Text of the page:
1244. Robert Southey to Charles Watkin Williams Wynn, [17 December 1806]

1244. Robert Southey to Charles Watkin Williams Wynn, [17 December 1806] ⁠* 

My dear Wynn

There is nothing in the inclosed worth your looking at except so[MS torn] Scraps, some of which are curious & some quaint. I should not trouble you with this if it were not to save time – as it will arrive three days sooner than if it were sent by the carrier in the shape of a parcel.

Where is your brother Henry? [1]  I look in the papers x with some anxiety to see if he has escaped from the wreck. As for Saxony it suffers & can suffer no more than it deserves. [2]  The annihilation of Hesse is a good thing for the Hessians [3]  – & I confess I do see something like righteous retribution in the troubles preparing in Poland for the three partitioning powers, & something like vengeance in the fate of the Duke of Brunswick. [4] 

As for ourselves, we are safe, & I hope you will hold a happier language than the Foxites. [5]  I find but one feeling among the people in these parts. – & that is a belief that no peace can be made with Bonaparte <France> while he liv Bonaparte lives, – that it ought not to be thought of, & that the higher language we hold, & the more openly & manlily we proclaim this the better. God send that the war between Turkey & Russia may draw us in [6]  & induce us to take possession of Egypt; – a little of Marquis Wellesleys ambition in the cabinet would be right wholesome here. Nothing will so well reconcile the people to the burthens they must bear as glory.

I shall soon hope to hear good tidings from you of an heir to the three Ws. [7] 

God bless you




* Address: To/ C W Williams Wynn Esqr M. P./ Whitehall/ London/ Private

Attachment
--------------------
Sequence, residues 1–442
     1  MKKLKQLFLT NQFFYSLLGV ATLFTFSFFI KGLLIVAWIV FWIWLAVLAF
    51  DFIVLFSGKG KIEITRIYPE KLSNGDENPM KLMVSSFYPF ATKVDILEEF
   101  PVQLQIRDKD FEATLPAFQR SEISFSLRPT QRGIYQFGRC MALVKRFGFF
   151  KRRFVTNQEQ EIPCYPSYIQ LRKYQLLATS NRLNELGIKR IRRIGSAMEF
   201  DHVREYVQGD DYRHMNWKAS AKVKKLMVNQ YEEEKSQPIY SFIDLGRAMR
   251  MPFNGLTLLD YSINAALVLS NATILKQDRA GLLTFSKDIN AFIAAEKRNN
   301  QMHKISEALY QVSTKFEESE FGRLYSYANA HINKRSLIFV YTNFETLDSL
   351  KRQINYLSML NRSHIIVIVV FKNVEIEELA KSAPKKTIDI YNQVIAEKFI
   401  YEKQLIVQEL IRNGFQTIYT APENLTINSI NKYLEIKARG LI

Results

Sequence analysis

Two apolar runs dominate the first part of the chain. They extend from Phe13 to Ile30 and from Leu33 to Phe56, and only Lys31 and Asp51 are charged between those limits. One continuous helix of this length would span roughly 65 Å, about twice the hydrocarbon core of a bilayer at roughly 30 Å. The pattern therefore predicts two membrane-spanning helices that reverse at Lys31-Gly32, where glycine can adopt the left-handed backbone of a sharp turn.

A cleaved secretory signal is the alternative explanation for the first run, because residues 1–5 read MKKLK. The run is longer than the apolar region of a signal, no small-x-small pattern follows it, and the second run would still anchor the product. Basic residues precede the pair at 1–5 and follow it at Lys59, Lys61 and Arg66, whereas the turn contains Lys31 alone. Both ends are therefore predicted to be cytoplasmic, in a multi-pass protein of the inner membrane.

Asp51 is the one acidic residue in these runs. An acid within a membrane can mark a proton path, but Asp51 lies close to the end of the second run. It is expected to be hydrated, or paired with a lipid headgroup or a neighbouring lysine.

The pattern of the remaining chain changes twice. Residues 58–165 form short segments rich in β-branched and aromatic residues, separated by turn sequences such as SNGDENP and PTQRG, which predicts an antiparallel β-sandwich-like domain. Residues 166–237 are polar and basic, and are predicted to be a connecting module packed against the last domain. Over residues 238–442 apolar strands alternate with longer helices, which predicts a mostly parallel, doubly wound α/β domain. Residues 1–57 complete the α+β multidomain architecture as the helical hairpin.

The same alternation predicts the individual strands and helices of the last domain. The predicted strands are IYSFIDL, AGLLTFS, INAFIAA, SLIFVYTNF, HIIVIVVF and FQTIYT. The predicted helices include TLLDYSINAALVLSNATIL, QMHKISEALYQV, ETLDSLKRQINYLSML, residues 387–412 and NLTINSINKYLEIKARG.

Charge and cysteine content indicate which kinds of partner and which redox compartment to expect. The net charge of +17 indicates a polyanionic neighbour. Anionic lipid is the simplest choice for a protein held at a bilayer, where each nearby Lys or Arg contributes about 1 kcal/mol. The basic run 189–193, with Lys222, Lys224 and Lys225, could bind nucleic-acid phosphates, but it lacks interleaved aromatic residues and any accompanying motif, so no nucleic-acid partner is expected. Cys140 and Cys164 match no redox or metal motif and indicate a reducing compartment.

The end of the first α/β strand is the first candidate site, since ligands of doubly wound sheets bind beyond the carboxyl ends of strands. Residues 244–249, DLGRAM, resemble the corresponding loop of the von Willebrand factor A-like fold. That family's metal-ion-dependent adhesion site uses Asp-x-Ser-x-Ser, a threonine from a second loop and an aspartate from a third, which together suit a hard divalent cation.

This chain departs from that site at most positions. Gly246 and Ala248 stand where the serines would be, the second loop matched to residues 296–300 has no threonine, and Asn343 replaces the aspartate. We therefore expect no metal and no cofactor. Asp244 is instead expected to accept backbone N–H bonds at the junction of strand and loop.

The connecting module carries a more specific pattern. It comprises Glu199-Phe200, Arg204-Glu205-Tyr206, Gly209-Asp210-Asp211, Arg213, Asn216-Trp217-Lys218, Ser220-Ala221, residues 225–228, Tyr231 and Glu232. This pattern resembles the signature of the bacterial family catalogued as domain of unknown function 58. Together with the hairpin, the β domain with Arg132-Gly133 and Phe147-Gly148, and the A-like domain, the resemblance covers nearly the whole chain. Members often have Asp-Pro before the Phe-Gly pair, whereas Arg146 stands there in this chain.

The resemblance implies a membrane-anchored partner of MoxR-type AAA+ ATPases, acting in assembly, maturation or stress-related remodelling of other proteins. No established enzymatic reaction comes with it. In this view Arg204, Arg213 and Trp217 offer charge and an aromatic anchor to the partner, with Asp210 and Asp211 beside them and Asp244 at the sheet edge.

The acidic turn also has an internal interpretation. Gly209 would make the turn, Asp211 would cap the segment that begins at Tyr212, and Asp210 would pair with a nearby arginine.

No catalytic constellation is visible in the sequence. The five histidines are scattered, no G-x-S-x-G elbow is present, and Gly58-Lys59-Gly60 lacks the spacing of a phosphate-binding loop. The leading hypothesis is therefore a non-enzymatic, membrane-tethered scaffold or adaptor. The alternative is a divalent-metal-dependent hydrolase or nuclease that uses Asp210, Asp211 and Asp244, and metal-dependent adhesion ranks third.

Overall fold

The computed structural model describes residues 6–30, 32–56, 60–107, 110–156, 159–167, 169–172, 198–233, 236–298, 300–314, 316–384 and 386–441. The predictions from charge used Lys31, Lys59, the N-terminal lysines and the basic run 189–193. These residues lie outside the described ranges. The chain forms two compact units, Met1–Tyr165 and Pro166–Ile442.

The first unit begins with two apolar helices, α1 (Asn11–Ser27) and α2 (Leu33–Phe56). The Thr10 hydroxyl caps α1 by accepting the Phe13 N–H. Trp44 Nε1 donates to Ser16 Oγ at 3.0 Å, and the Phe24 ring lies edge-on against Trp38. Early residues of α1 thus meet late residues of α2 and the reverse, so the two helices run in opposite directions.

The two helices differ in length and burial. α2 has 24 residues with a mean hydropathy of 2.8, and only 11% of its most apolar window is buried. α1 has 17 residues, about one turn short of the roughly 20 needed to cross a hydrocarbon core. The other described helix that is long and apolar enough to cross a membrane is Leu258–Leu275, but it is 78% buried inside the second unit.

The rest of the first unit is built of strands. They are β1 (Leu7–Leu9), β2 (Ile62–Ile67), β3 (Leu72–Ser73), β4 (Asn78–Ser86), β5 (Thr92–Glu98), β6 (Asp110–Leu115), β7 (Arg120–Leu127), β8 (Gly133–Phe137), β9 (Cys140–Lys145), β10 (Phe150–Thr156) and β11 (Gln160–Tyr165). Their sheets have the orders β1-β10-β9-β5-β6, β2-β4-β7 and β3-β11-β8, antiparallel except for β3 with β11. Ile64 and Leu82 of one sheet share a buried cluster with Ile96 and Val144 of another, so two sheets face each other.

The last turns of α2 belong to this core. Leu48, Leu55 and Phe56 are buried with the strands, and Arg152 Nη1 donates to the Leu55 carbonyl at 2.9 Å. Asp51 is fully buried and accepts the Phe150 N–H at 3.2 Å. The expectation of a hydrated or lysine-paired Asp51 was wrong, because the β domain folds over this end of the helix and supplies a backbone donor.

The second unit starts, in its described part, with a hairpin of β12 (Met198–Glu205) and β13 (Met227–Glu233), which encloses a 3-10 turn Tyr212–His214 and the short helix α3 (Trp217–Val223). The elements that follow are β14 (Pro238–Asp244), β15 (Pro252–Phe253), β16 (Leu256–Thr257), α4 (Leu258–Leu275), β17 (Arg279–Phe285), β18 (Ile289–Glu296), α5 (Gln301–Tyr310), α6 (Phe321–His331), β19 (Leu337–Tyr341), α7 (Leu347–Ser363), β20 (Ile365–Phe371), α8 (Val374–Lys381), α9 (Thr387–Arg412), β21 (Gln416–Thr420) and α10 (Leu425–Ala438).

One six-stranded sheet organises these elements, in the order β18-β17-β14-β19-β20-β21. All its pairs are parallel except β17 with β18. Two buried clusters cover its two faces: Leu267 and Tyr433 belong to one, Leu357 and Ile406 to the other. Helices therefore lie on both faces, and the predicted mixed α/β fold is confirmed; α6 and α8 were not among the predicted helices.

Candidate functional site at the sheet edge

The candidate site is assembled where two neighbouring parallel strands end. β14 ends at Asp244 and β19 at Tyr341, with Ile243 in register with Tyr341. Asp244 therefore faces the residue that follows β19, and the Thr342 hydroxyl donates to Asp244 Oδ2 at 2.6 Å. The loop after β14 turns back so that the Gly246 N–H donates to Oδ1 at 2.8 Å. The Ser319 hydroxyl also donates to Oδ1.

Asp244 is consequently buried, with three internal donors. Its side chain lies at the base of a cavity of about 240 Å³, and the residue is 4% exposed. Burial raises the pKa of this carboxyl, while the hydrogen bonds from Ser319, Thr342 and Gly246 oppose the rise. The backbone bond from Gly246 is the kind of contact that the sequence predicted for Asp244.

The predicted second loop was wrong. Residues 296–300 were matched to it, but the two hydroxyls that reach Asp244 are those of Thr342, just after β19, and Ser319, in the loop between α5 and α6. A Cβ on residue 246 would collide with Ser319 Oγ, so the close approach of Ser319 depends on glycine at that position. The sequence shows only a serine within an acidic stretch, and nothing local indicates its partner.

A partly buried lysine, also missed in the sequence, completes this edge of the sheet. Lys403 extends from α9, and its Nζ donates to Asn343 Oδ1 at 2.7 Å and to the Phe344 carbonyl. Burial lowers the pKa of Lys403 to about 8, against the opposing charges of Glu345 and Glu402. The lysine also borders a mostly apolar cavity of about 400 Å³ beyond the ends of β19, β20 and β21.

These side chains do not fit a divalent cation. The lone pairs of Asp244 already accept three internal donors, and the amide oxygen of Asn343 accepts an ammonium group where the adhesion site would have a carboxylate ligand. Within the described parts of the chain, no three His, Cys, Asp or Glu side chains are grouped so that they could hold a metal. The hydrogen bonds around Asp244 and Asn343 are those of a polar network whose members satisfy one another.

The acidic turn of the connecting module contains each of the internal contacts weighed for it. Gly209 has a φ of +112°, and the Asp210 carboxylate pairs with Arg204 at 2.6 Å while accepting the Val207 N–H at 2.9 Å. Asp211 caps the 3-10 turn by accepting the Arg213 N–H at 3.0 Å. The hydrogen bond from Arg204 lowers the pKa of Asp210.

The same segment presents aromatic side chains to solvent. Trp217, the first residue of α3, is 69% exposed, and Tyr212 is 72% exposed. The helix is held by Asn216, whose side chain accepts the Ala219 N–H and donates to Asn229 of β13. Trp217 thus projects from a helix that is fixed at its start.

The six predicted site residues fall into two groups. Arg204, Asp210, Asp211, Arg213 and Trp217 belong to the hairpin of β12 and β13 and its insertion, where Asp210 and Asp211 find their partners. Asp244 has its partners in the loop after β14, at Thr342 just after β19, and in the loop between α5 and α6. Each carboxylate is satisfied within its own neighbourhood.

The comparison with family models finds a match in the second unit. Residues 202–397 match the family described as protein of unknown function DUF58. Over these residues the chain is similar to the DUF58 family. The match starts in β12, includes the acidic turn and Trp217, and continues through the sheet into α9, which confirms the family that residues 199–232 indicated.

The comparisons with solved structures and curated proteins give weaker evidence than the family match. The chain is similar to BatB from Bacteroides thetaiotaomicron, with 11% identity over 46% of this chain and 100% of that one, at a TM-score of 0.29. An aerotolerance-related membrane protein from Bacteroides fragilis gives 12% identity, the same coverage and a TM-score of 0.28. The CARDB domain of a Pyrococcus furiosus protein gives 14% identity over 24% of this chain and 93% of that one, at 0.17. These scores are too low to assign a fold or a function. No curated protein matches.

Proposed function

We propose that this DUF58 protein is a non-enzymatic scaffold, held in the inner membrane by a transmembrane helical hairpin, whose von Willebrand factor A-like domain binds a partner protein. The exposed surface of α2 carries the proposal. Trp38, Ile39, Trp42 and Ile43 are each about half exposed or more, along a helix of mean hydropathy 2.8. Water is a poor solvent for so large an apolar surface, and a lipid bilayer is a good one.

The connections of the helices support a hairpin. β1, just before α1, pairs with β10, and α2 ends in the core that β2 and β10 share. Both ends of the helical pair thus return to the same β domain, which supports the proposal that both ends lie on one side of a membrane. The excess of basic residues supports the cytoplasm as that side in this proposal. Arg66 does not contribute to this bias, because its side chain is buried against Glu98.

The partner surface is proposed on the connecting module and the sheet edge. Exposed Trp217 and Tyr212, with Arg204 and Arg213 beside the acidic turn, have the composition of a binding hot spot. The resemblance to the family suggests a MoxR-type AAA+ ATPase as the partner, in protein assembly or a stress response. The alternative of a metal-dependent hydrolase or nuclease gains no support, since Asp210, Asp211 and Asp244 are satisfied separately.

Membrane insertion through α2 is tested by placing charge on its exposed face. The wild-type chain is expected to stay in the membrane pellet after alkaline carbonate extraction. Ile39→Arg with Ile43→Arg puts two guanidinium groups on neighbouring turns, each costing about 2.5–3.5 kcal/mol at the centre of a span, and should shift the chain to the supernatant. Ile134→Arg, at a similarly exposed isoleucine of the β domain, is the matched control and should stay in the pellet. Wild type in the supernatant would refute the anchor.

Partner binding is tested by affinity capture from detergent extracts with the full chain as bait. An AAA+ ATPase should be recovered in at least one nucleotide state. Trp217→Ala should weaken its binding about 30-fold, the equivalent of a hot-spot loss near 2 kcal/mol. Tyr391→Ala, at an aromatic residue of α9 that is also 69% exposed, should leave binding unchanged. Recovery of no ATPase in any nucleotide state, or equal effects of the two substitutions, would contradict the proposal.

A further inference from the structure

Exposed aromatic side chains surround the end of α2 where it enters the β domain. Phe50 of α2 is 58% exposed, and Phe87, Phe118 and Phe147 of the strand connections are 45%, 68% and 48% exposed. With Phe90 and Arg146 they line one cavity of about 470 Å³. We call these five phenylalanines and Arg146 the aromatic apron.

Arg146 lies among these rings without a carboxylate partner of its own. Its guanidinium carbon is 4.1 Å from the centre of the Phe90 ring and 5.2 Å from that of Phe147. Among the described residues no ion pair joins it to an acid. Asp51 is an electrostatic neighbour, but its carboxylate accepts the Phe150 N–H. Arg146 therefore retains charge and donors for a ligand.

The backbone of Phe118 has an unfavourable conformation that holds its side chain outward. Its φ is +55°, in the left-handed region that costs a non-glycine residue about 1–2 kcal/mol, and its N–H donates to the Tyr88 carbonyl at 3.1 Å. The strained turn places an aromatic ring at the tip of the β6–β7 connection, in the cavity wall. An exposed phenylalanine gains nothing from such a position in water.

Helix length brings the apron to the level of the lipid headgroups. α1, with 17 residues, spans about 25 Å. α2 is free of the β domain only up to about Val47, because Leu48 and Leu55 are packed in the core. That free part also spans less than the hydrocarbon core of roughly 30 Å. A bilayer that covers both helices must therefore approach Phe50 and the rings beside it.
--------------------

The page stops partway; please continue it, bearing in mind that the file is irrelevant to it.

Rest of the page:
Stamped: KESWICK/ 298
Postmark: FREE/ DEC 18/ 1806
Seal: [partial, illegible]
MS: National Library of Wales, MS 4812D. ALS; 2p.
Dating note: the ‘Wednesday’ with which the letter is dated must have been 17 December, as this was a Wednesday in 1806. BACK

[1] Sir Henry Watkin Williams Wynn (1783–1856; DNB), diplomat, who was envoy-extraordinary to the elector of Saxony between April 1803 to October 1806. BACK

[2] Within months of the collapse of the Third Coalition, the Fourth Coalition (1806–1807) against France was formed by Prussia, Russia, Saxony, Sweden, and the United Kingdom. However, following the battle of Jena-Auerstedt (October 1806) some of the German states, including Saxony, that had previously fought alongside the anti-French allies changed sides to join with France against the allies. BACK

[3] The German principality of Hesse was annexed by France in 1806. BACK

[4] Charles William Ferdinand, Duke of Brunswick-Wolfenbüttel (1735–1806), a Prussian Field Marshal whose forces were routed at the Battle of Jena-Auerstedt (14 October 1806). The Duke himself was mortally wounded and died two days later. BACK

[5] Whigs with a political allegiance to Charles James Fox. BACK

[6] The Russo-Turkish war of 1806–1812. BACK

[7] Wynn’s daughter was born in January 1807; see Southey to Charles Watkin Williams Wynn, 18 January 1807, Letter 1262. BACK